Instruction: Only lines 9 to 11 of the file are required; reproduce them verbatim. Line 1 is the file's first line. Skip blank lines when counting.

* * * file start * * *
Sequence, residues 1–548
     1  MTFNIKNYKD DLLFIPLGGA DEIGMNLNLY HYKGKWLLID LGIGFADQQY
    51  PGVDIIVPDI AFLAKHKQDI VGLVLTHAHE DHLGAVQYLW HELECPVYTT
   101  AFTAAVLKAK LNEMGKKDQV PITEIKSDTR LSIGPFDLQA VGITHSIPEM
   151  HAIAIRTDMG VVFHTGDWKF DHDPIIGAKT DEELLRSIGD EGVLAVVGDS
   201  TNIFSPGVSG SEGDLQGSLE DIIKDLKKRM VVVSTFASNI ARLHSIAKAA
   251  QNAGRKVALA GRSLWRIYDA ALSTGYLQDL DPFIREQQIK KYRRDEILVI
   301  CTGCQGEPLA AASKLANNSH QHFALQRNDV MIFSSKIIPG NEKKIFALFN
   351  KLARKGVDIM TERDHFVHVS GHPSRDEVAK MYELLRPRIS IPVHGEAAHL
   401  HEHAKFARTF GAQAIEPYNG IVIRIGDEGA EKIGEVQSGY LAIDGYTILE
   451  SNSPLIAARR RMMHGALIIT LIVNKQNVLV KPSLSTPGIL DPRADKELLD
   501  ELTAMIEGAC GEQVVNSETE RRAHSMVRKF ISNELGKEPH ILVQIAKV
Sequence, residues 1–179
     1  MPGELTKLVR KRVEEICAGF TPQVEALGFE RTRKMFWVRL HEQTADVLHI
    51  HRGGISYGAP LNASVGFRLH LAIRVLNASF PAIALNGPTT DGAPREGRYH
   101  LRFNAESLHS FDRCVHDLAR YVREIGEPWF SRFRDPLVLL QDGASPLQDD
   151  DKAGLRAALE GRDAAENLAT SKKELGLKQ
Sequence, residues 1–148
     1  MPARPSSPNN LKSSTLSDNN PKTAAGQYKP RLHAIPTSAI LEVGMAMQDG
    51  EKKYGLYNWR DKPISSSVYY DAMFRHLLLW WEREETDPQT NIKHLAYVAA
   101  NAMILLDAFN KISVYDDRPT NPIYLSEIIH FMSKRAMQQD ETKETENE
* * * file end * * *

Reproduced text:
   351  KLARKGVDIM TERDHFVHVS GHPSRDEVAK MYELLRPRIS IPVHGEAAHL
   401  HEHAKFARTF GAQAIEPYNG IVIRIGDEGA EKIGEVQSGY LAIDGYTILE
   451  SNSPLIAARR RMMHGALIIT LIVNKQNVLV KPSLSTPGIL DPRADKELLD